Too Good to Be True?

While many of these requirements are subject to interpretation, be weary of a job that has little to no requirements or says they can hire you no matter what.  The reason many of these requirements exist is to ensure you are eligible for a legal Z working visa and any school or recruiter that seems too good to be true may be expecting you to work illegally.

18 Comments

  1. Where can I obtain the TEFL certificate?

    Reply
    • We’re big fans of International TEFL Academy courses – you can take $50 off and get more details with this link – good luck!

      Reply
  2. I’m a veteran World Language teacher in the US–does the teaching experience have to be in English in order to circumvent the TEFL certificate requirement?

    Reply
  3. I work as a trades lecturer in Australia for the last 7 years teaching apprentices .I don’t have a degree but have a Cert IV in training and assessment would that qualify for anything.

    Reply
    • Hi Jamie – unfortunately, this would not count for much in China – they are getting pretty strict on requiring degrees in order to get a legal teaching job (and visa).

      Reply
  4. Do you know of any provinces which allow teachers to work after age 60?

    Reply
    • Hi Kay – we don’t know of any, sorry. I believe the retirement age of 60 is country-wide so it likely doesn’t vary by province.

      Reply
  5. Hey – where is this information from? I can’t find information on Chinese embassy websites about needing a degree to get a Z visa.

    Reply
    • Hi Jennifer – I can’t speak for the embassy website but every legitimate job we’ve seen requires a bachelor’s to get a legal Z visa.

      Reply
  6. Is Z type visa enough to teach or must it be of a certain category? I am a non-native speaker who has a bachelor and master degree, 120 hrs TEFL certificate and a bit of teaching experience. Can I teach legally in China?

    Reply
    • Hi Maya – unfortunately, it’s going to be difficult without a passport from a native-speaking country. What are your degrees in?

      Reply
  7. Hi, I have B.A., M.A., and a Ph.D. in English language and literature. My Ph.D. is from New Zealand, but I am a non-native speaker and my B.A. and M.A. are from non-English speaking countries. Do I qualify to teach in China?

    Reply
    • Unless your passport is from an English speaking country you are going to have a hard time, though you can still reach out to some jobs to see what they think given your credentials.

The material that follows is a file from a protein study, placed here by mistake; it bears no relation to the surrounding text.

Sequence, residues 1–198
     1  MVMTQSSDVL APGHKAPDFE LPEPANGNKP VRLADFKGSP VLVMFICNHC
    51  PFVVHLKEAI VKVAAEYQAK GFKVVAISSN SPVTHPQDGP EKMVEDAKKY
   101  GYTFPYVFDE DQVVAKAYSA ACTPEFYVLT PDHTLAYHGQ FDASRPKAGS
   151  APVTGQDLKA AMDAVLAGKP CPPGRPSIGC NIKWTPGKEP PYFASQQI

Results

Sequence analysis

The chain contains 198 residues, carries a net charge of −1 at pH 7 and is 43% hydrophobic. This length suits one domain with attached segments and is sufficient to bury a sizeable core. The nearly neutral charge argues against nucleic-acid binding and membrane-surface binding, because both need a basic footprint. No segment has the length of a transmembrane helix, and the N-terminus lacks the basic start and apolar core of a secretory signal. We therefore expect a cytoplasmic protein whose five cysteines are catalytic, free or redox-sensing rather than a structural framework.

Reply
  8. Hello i am An Egyptian who has 2 years of experience in teaching but i am not carrying a TEFL certificate . and i am a LAW GRADUATE . I reached an agency and they told me they will apply for me a Lawyer visa then i will work as an English teacher is this possible ??

    Reply
    • Hi Amr – I don’t think there is a “lawyer” visa – to teach legally you need a Z visa that is tied to your school. If they cannot provide that then I would extremely hesitant.

      Reply
  9. I have three years of experience teaching in China with a Bachelor’s Degree in English.
    I do not have a TEFL. I would like to continue teaching in a different school.
    Is it required by the Chinese government now to have a TEFL in order to teach? Some schools request it, and some do not.
    Also, are online TEFL certificates accepted? If not, where could I find an institution which offers TEFL courses in specific provinces (or cities)?
    Thanks much for any help! Happy New Year

    Reply
    • Hi Richard – the best of my knowledge China does not require a TEFL certificate yet. Yes, some schools may require it and even some cities or provinces may ask for it, but I don’t think it’s a national requirement in order to get a work permit. If you need one then your best option is to ask the schools which they prefer – many will have no issue with an online certificate but others will want some in-class observation, completely depends on the school. If you’re looking for in-person courses I believe ittt still has some options within China.

      Reply